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Politics


Ohio IG reports on "coingate" a decade later -- and critics question why
Open government advocates and Democrats say there's no new investigation of the key questions
by WKSU's STATEHOUSE CORRESPONDENT JO INGLES


Reporter
Jo Ingles
 
Tom Noe is in prison; other records are expunged in a scandal that led Gov. Bob Taft to plead guilty.
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Ohio' Inspector General Randall Meyer has released his report on the investigation of Coingate --  a decade after the scandalous investment was discovered. As Ohio Public Radio' Jo Ingles reports, the report itself is raising new questions.

LISTEN: Coingate a decade later

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The Inspector General finds no new wrongdoing in this report on the scandal that involved a $50 million investment with Tom Noe, a Republican operative who invested money from the Bureau of Workers’ Compensation into things like Beanie Babies and collectable coins.

Noe is serving an 18-year prison sentence for stealing nearly $5 million from the fund. In the months after the scandal broke, it uncovered influence peddling by the investment chiefs at worker’s comp. Lobbyists and aides had accepted tickets to sporting events, condo stays, cash and other perks. Eventually, the scandal hit the state’s top Republican, then-Gov. Bob Taft, who ended up pleading no contest to four ethics violations.

Meyer’s report concentrates on Noe, but he also concluded the state has changed the way it handles investments since that time to safeguard against bad investments. And Meyer recommends the state continue to follow those new laws and policies.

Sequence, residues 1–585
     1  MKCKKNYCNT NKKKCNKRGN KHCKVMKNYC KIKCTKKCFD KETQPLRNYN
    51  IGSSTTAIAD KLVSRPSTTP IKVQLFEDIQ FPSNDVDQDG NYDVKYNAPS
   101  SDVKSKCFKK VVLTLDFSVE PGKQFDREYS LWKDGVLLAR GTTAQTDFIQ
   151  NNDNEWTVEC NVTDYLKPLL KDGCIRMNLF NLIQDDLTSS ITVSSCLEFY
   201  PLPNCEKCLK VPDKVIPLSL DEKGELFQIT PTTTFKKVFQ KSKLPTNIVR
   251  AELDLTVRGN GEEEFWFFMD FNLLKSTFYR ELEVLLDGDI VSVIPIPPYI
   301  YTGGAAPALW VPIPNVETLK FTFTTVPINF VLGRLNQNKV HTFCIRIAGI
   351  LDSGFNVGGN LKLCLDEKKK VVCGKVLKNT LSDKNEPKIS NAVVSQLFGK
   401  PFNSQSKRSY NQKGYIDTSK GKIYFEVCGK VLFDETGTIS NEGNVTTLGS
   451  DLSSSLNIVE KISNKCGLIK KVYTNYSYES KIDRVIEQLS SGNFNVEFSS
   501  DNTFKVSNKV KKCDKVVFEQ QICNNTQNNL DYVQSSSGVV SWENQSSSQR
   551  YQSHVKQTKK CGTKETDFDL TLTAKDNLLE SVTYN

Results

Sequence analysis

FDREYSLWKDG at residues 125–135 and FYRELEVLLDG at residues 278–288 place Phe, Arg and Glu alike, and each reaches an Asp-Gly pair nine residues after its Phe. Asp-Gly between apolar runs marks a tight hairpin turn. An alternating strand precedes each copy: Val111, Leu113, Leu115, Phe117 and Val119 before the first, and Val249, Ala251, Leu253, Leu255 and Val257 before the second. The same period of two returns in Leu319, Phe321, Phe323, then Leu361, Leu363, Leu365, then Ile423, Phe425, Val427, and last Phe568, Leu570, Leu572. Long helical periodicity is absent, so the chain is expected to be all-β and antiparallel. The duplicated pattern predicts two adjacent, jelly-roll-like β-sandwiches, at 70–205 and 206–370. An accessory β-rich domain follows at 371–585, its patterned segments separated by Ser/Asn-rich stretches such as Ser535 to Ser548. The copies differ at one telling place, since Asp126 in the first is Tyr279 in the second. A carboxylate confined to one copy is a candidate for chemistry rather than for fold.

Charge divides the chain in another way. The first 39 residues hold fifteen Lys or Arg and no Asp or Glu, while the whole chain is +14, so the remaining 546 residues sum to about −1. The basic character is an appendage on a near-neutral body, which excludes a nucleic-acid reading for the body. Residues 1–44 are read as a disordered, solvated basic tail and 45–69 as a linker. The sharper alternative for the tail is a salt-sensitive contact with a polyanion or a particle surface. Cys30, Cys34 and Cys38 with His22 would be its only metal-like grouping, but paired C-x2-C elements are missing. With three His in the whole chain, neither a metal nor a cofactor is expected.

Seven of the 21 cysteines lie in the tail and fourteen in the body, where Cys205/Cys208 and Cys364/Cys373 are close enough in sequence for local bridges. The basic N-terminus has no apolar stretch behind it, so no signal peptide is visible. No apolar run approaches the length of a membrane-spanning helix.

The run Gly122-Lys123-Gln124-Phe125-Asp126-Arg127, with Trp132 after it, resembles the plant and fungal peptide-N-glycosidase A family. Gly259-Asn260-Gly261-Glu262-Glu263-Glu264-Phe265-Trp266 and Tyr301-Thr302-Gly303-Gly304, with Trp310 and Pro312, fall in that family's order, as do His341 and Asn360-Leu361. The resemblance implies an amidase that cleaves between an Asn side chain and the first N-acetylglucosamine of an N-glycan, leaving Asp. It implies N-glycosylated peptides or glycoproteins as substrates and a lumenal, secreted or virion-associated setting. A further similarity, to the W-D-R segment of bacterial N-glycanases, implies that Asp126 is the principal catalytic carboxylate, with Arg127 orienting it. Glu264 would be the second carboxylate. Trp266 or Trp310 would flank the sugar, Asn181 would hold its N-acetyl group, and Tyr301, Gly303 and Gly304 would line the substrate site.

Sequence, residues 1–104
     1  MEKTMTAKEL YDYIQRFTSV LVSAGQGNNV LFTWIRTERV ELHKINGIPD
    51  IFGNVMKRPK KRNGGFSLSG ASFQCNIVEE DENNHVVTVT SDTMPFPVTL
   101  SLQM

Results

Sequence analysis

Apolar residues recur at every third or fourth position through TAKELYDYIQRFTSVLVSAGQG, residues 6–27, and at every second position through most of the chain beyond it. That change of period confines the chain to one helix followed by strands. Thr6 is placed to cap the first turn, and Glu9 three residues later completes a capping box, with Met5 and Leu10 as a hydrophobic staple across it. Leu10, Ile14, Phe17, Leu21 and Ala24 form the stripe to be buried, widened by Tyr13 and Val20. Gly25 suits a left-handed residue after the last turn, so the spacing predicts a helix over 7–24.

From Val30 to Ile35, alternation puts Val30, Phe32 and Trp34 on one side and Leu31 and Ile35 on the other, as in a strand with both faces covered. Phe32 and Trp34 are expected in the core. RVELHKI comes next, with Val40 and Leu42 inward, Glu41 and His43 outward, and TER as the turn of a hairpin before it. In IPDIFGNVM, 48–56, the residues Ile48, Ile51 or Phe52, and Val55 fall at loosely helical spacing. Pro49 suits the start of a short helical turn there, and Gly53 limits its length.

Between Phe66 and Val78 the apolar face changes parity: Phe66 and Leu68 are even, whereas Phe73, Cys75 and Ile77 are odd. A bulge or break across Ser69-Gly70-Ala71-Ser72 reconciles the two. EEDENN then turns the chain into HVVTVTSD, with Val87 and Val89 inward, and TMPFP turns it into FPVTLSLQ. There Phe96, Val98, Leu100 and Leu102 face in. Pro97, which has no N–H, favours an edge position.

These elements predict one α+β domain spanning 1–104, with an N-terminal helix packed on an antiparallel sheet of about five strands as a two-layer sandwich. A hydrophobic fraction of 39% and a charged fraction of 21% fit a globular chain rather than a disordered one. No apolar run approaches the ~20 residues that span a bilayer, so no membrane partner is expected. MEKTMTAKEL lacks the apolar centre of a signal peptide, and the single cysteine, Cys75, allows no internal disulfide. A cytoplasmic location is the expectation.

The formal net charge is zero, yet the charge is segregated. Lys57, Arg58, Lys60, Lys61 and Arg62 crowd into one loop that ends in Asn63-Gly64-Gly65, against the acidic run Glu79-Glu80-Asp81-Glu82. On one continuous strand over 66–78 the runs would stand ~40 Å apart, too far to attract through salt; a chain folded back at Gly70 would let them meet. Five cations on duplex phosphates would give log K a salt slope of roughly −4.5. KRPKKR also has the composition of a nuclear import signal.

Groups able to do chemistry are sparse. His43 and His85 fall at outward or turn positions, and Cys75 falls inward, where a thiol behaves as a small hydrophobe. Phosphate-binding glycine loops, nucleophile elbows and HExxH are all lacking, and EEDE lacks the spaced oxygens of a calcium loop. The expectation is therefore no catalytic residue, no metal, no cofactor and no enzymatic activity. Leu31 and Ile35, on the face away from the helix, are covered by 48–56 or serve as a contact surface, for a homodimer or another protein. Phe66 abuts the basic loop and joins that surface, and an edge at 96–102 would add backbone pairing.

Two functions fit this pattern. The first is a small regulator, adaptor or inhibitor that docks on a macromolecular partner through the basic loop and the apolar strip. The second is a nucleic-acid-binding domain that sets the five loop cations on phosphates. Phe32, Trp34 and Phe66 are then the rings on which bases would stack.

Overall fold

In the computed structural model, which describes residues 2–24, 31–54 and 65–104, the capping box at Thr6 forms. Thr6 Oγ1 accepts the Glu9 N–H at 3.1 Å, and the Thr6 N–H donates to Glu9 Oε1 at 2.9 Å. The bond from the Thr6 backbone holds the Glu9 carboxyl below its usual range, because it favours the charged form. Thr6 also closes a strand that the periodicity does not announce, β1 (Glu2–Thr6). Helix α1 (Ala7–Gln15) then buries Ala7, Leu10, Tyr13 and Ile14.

Why the delay, and where are the transcripts?
But the head of Ohio’s Democratic Party, Chris Redfern, says the IG didn’t do his job. 

“Randy Meyer’s investigation wasn’t to investigate the crimes of Lucas County.  It was to investigate how Tom Noe came to get millions of dollars in state government or the control of it and what he did with it. We will never know the truth now because Tom Charles, and now Randy Meyer, a good Republican supported by Republican Govs. George Voinovich, Bob Taft and now John Kasich, has chosen to look the other way.

“It’s a fact that this inspector general has spent more time investigating and bringing disciplinary charges against park rangers for using out of state licenses improperly than he has investigating millions of dollars stolen that belongs to the taxpayers.”

Meyer, through his spokesperson, declined to comment on the report.

The Ohio Republican Party’s Chris Schrimpf also declined comment. But a spokeswoman for a group that watches state government isn’t holding back. Catherine Turcer with Common Cause Ohio says she can’t understand why this report is coming a full decade after Toledo Blade reporters discovered the crimes.

Expunged records
“There’s nothing in here that would suggest they needed years and years to get this together. And in fact, one of my favorite things in the report, was how they explain some of the individuals were not only prosecuted, found guilty, convicted, but in fact their records had already been expunged by the time this report was released.”

Turcer’s group wanted to find out everyone who was involved with the scandal from the beginning, but she says this report didn’t even try to answer those questions.

“It is fairly typical when government entities release these types of investigations to provide transcripts of interviews. But this is not what was included. And so what we are getting is the kind of summary that we could have gotten from newspaper reports or looking at some court records. We are not getting that peak behind the curtain to what happened during the investigation.”

Turcer says she’s not sure what her group will do in response to this report.

But Redfern says many of the records that couldn’t be accessed before because they were part of the investigation should be available for inspection now. And issues that haven’t been answered in this report can be raised during the coming months.

The real question is whether Ohioans still have an interest in Coingate one decade later.

 

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